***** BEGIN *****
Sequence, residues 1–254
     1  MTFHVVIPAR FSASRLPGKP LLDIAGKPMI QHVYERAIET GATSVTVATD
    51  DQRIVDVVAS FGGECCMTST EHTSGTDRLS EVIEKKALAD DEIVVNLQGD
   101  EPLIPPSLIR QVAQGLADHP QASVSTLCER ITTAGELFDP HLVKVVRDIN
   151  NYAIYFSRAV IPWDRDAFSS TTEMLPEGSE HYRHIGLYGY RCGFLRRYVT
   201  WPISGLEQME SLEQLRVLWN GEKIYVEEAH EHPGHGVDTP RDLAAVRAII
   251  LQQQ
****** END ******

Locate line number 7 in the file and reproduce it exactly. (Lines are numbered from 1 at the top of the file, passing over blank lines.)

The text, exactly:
   251  LQQQ